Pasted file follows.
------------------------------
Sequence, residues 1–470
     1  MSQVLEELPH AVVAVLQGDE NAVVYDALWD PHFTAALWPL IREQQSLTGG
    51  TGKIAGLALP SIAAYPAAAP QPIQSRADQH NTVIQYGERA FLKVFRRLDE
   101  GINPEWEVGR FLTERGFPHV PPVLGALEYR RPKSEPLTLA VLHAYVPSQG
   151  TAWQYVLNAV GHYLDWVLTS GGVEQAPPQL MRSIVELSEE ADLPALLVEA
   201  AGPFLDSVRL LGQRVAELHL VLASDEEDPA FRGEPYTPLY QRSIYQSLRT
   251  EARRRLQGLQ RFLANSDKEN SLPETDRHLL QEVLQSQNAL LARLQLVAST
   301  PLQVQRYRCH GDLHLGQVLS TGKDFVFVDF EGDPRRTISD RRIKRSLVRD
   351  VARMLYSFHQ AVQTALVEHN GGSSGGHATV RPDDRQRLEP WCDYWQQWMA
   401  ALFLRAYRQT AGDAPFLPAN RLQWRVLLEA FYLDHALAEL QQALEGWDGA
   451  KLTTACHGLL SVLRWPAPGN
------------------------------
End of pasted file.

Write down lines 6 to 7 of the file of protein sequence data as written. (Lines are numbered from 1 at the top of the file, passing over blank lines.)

   201  AGPFLDSVRL LGQRVAELHL VLASDEEDPA FRGEPYTPLY QRSIYQSLRT
   251  EARRRLQGLQ RFLANSDKEN SLPETDRHLL QEVLQSQNAL LARLQLVAST